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US: Wall St opens higher as Britain votes on EU membership
[NEW YORK] Wall Street opened higher for the fourth straight day on Thursday as Britain seemed to swing towards remaining in the European Union, a scenario that would avert a possible financial crisis.
Markets across the globe have been rattled over the past two weeks as investors speculated about the consequences of Britain's exit from the European union, including the unravelling of the bloc.
The "Remain" camp has found 52 per cent favour, according to an Ipsos MORI poll conducted on Tuesday and Wednesday. The final result of the referendum will be known on Friday.
US markets also took solace in Fed Chair Janet Yellen's two-day testimony this week when she expressed optimism about the economy and downplayed the chances of a recession this year.
"The markets are the best judge of what is going to happen and they are saying that Britain will remain. The key is the strong jump in the pound," said Peter Cardillo, chief market economist at First Standard Financial in New York. "If there was any doubt that Great Britain would leave, we would see gold soaring and a rush to safe havens, but we're not seeing that."
The sterling hit a year-high on Thursday while gold, which had gained favour amid uncertainty in the past month, fell to a two-week low.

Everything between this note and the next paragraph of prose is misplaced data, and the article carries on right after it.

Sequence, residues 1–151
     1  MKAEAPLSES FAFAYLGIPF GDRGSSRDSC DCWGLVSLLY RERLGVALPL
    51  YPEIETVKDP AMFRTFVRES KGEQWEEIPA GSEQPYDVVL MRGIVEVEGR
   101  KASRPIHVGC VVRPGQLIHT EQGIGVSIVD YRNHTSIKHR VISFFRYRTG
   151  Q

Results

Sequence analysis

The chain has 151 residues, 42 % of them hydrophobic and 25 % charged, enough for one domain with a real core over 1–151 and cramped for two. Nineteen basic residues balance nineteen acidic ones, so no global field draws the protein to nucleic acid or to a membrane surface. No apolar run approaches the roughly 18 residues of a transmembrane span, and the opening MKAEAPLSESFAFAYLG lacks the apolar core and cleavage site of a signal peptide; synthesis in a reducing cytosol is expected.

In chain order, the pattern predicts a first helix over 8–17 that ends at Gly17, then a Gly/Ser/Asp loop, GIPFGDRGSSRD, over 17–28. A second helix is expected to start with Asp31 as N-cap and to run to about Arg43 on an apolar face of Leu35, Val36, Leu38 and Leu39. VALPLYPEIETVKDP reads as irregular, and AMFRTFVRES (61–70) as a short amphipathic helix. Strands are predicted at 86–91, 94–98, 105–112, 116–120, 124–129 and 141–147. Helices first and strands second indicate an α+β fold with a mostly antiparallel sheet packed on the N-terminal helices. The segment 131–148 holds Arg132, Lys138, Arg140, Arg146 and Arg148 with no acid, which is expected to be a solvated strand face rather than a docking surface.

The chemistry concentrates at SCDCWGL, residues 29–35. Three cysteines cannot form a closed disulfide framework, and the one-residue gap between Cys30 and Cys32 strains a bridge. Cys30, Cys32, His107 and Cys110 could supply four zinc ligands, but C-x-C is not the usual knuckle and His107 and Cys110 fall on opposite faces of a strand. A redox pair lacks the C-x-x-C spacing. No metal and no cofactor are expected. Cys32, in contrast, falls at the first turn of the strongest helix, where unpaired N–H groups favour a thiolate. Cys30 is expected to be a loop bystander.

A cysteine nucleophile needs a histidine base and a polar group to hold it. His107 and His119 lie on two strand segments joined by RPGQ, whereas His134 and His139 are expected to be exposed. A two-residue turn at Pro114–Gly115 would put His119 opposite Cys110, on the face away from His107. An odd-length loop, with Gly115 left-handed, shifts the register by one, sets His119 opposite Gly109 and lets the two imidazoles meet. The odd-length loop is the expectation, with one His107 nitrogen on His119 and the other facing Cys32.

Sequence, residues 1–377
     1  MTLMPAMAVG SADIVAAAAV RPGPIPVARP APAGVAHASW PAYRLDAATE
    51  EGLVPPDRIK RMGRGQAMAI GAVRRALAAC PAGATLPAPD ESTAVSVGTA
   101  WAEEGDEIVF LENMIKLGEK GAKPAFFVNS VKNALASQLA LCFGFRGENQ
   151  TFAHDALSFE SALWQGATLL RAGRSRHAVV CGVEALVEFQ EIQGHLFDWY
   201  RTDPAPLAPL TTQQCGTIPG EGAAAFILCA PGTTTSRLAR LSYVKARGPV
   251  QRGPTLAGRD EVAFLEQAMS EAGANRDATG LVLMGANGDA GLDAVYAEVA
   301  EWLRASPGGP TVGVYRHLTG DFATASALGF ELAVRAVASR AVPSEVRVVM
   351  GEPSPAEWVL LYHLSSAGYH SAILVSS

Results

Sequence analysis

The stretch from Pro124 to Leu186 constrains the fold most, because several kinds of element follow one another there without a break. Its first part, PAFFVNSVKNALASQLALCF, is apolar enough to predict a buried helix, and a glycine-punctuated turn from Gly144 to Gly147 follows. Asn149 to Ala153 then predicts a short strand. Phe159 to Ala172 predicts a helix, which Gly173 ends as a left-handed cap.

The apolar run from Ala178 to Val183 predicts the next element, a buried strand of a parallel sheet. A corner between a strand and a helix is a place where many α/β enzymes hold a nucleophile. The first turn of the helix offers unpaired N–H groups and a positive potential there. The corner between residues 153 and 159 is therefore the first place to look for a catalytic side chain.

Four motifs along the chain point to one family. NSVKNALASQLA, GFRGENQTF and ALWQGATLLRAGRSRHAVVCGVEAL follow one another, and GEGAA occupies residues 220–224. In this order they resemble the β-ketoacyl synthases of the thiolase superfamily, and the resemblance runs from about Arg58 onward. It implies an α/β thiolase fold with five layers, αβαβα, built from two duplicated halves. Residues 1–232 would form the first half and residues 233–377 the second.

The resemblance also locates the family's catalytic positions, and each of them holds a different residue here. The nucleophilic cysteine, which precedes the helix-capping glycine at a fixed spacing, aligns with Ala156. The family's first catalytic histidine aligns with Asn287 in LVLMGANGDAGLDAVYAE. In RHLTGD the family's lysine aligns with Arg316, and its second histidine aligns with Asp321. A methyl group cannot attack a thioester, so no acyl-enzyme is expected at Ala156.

Oil prices rose despite a smaller-than-expected draw on US crude as appetite for risky assets increased on better odds for Britain to remain in the EU.
CBOE Volatility Index, the market's measure of turbulence, fell 15.16 per cent to 18.01, compared to its long-term average of 20.
At 9:35 am ET (1335 GMT), the Dow Jones Industrial Average was up 156.42 points, or 0.88 per cent, at 17,937.25. None of the 30 blue-chips stocks were in the red.
The S&P 500 was up 16.41 points, or 0.79 per cent, at 2,101.86.
The Nasdaq Composite was up 33.87 points, or 0.7 per cent, at 4,867.19.
All 10 major S&P sectors were higher, led by a 1.11 per cent rise in the financial index after JPMorgan rose 1.6 per cent and Citigroup rose 2.8 per cent.
Markets were also buoyed by data that pointed to a resilient labour market. The number of Americans filing for unemployment benefits fell last week to a near 43-year low.
Data from the US Commerce Department is likely to show new home sales slumped 8.7 per cent in May. The data is expected at 10:00 am ET.
Micron Tech rose 6.8 per cent to $13.58 after Susquehanna raised rating to "positive" from "neutral". The stock was the biggest percentage gainer among S&P components.
Advancing issues outnumbered decliners on the NYSE by 2,381 to 298. On the Nasdaq, 1,855 issues rose and 376 fell.
The S&P 500 index showed 35 new 52-week highs and one new low, while the Nasdaq recorded 29 new highs and five new lows.